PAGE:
Negligent healthcare for rural Indian children?

A short note on Komal Ramdey’s experience of being a part of health care camp at Goondiya, Gujarat.

Of all the forms of injustice, inequality in healthcare is the most shocking and inhumane. These words of Martin Luther King kept echoing through my mind along with the phrase that all of us are taught at school, that India does not live in its towns, but in its villages. What we weren’t taught however, was that much of India does not live happily and healthily.

Komal Post 1

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Goondiya is a village in Walia Taluka of Bharuch district in Gujarat. It is 70 kilometres away from the city of Ankleshwar. A closer look at the stunningly beautiful images of  Jowar(Sorghum) fields rippling in the wind and children playing games in the village campus, will reveal that a quarter of those people working in the fields are chronically starved and half of those children playing are permanently stunted through malnutrition.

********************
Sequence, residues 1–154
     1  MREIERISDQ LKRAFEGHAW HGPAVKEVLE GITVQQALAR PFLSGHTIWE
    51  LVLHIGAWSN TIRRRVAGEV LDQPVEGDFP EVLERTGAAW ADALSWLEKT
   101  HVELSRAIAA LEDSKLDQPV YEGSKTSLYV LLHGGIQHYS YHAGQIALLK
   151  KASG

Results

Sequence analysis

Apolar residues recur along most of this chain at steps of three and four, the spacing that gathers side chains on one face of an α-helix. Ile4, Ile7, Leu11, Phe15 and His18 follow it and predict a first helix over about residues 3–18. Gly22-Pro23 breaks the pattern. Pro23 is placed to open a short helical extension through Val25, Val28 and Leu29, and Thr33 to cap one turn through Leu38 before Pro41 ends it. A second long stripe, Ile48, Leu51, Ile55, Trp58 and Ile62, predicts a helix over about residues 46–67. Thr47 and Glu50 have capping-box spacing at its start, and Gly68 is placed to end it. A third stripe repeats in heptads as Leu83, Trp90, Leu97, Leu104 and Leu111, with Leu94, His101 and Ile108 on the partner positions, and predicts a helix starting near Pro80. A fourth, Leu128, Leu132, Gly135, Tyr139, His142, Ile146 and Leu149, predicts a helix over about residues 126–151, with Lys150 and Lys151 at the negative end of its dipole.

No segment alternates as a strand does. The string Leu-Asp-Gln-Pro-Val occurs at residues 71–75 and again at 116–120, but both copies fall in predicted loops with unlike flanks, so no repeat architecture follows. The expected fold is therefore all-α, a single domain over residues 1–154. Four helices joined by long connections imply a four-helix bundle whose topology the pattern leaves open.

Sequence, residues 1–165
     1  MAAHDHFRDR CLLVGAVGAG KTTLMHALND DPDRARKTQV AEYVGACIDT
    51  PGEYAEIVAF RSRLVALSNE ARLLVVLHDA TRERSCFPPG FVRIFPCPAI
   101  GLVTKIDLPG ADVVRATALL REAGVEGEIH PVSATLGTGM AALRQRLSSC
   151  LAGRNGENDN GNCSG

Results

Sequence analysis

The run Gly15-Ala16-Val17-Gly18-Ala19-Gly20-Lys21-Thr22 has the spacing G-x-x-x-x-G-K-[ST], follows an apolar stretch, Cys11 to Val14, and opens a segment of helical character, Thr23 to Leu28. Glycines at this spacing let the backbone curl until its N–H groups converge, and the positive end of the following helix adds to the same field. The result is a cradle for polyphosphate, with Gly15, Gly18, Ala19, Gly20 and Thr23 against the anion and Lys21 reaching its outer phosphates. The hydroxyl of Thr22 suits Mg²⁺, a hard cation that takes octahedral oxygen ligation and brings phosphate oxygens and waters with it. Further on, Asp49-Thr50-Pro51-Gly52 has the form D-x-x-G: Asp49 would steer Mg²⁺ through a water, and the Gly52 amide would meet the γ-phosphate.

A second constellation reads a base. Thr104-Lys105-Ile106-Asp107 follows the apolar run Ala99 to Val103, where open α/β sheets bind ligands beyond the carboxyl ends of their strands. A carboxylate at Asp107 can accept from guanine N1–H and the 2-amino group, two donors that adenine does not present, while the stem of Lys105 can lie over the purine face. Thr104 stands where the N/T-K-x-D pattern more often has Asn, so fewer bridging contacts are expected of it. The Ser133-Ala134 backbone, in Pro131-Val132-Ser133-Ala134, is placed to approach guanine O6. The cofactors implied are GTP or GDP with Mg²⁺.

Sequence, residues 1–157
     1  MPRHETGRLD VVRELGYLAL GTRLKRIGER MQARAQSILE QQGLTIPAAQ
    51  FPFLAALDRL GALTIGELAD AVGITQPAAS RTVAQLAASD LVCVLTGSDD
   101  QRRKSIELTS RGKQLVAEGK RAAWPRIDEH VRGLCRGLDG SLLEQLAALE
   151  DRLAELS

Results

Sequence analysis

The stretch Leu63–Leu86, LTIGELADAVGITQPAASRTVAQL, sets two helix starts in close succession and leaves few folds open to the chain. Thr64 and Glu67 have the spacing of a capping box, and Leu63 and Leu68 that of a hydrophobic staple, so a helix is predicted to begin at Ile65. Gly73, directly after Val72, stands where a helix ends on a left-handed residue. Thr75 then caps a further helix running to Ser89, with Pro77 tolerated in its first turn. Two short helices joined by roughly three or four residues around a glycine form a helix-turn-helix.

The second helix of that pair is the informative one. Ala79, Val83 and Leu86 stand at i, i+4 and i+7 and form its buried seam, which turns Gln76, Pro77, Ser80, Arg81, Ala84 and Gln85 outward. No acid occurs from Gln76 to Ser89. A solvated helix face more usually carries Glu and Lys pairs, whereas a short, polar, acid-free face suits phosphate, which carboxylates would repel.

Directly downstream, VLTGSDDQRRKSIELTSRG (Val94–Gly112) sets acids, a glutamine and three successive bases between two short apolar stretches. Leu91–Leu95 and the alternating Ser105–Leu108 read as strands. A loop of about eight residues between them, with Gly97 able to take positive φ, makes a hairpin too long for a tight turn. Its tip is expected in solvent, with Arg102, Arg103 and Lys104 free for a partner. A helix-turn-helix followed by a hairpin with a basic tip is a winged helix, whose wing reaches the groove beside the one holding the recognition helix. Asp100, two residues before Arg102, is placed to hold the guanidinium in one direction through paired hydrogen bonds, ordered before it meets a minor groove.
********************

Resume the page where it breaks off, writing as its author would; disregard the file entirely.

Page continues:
The Primary Health Centre (PHC) at Goondiya organised a health care camp and I was fortunate to volunteer in it. This health camp was aimed at promoting health awareness among school children regarding common ailments, nutrition, hygiene and sanitation. Around 400 school children participated in this.

Firstly, an ASHA (Accredited social health activist) worker started the check up process by taking height and weight measurements of these children. Later the PHC nurse carried out the general check up and provided medicines to those suffering from fever, cold and sickle cell deficiency. She also told the children about oral hygiene. After the complete diagnosis, it was found that most of the school-going children were suffering from malnutrition and common problem of stomach ache. Also, children here suffer constantly from cough and cold allergies. Improper food habits, prevalent amongst most of them, have led to the deficiency of iron. The burden of disease and its effects were disproportionately seen in the school-going kids, with a clear gradient in illness.

This camp taught me that there is a massive level of lack of nutrition and a vast unmet need for curative health care among the school-going children. Further, the neglect of their health has aggravated the miseries of rural people!

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